A man of peace cut down
The murder this week of Brother Roger Schutz, founder of the Taizé
community, shocked Christians everywhere. But his vision will still
The violent assassination of Brother Roger Schutz, founder of the
Taizé Community, on Tuesday 16 August, was all the more ironic in
that he was such a man of peace, an artisan of reconciliation. It was
8.45 p.m. during the evening prayer in the Church of Reconciliation,
led by the frail 90-year-old monk, when a Romanian woman of 36
stabbed him in the back and the neck. He died shortly afterwards
while his aggressor was taken into custody.
Many voicies were raised in tribute to this remarkable man. Pope
Benedict XVI spoke of his “great sadness” and Brother Aloïs, who was
representing Taizé at the World Youth Day in Cologne, said that the
news of Brother Roger’s death had produced consternation among the
participants, who immediately “offered prayers for this outstanding
personality”. Brother Aloïs, a German Catholic of 51 who was
designated by Brother Roger eight years ago to succeed him,
immediately left Germany for Taizé.
The success story of this Protestant “monastery” is the unlikely
story of a determined man, Roger Schutz, and of his impossible dream:
the reconciliation of Protestant, Catholic and Orthodox Christians.
How did his little community of companions, both Protestant and
Catholic, who settled in a small village in Burgundy in 1940, become
the European ecumenical pastoral youth centre which it is today,
visited by 6,000 adolescents each week and 100,000 pilgrims every
year, from every part of the world? The programme is austere –
worship three times a day in the hangar-like church (built by young
volunteers), Bible study and discussion groups – and the lifestyle
spartan – sleeping rough in tents or barracks, simple food hastily
consumed after queuing at length to be served.
And yet, the young continue to flock to Taizé. And not only the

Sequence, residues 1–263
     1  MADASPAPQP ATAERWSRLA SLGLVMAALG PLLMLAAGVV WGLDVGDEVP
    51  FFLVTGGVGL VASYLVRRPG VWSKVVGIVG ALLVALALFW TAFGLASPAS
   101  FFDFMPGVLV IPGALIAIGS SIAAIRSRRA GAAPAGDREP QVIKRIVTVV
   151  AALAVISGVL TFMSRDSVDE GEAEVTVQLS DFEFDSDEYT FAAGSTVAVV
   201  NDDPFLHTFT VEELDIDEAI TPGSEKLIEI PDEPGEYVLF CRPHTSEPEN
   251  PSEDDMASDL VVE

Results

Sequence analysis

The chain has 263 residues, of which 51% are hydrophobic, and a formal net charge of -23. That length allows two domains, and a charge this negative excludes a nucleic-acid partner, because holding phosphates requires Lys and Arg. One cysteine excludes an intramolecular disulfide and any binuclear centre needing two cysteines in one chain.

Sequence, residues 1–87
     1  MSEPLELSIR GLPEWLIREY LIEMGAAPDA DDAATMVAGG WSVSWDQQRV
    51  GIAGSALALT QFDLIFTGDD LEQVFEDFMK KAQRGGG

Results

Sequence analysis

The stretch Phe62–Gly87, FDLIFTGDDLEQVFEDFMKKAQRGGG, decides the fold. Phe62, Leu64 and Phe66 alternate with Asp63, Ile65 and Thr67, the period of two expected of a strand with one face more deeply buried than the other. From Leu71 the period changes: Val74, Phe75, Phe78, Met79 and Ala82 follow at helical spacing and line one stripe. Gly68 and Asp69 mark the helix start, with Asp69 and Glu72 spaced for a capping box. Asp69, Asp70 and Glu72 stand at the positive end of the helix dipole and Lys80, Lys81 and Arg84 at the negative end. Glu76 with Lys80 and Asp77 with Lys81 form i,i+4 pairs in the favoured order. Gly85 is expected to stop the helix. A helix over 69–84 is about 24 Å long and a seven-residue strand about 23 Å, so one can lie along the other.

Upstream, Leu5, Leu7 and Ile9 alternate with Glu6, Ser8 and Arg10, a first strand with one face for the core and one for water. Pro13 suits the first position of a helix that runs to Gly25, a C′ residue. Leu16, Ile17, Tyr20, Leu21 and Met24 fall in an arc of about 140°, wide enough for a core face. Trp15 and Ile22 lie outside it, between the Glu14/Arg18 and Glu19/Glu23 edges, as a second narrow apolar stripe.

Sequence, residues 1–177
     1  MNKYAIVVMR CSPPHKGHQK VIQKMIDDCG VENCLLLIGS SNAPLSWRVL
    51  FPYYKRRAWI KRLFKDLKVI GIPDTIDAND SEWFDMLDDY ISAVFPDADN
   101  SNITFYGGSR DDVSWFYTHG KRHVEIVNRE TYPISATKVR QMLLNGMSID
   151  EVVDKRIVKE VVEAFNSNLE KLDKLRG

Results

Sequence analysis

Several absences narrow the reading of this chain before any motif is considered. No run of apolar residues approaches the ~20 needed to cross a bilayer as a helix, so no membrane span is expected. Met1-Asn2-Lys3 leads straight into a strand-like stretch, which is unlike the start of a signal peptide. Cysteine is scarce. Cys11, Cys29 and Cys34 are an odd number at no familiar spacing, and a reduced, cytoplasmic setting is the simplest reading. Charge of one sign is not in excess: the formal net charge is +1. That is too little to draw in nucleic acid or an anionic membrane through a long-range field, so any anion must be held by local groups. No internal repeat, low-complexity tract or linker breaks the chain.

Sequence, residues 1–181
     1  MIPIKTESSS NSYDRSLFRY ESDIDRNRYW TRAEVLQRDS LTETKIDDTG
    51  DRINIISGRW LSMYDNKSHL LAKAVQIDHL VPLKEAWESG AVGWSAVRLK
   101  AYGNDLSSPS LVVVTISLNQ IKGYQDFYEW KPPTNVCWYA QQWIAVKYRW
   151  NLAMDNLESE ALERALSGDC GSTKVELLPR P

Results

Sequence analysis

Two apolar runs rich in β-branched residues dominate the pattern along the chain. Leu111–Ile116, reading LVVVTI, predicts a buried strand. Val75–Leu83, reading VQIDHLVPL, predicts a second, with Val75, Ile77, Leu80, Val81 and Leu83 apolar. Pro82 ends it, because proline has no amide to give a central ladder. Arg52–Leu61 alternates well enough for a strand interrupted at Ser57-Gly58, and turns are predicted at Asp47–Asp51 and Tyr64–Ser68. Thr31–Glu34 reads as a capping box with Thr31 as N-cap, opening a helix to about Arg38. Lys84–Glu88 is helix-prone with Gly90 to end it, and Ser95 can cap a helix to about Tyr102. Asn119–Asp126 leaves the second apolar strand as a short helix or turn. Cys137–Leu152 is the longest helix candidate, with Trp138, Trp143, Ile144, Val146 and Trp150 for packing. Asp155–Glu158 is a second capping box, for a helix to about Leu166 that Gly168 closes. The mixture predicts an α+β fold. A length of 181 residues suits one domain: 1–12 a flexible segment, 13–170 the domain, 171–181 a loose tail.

young. In spite of initial suspicion by church leaders, these also
finally succumbed to the magic of the colline inspirée (inspired
hill) where the Benedictine Abbey of Cluny had flourished before.
Pope John Paul II visited Taizé in 1986, followed in 1989 by
representatives of the French Protestant Federation. The Secretary-
General of the World Council of Churches, Emilio Castro, came in
1990, and the same year, Cardinal Decourtray, Primate of the Gaules.
Two years later, the Archbishop of Canterbury, George Carey, led a
group of 1,000 young Anglicans. Roger Schutz’s dream had come true.
The son of a Swiss Protestant pastor, he followed in his father’s
footsteps, and it was during his theological studies in Lausanne that
he decided to create an ecumenical community whose evangelical aim
was “the reconciliation of all Christians”. He chose the abandoned
village of Taizé because of its proximity to Cluny and because he
could help the Jews fleeing persecution on their way to Switzerland.
He bought two derelict houses, but was forced to leave in 1942, after
being denounced to the Vichy regime. He returned in 1944 with a group
of like-minded companions. “I discovered my Christian identity by
reconciling within myself my Protestant origins and my faith in the
Catholic Church,” he explained.
He found a friend and supporter in Abbé Paul Couturier (1881-1953), a
priest in Lyons who had set up ecumenical meetings between priests
and pastors – unheard of in those days – and launched the Week of
Prayer for Christian Unity. Roger Schutz’s community grew rapidly.
The seven brothers at the start became 12 in 1950, 65 in 1965, 90 at
the end of the last century and over 120 today. In 1969, the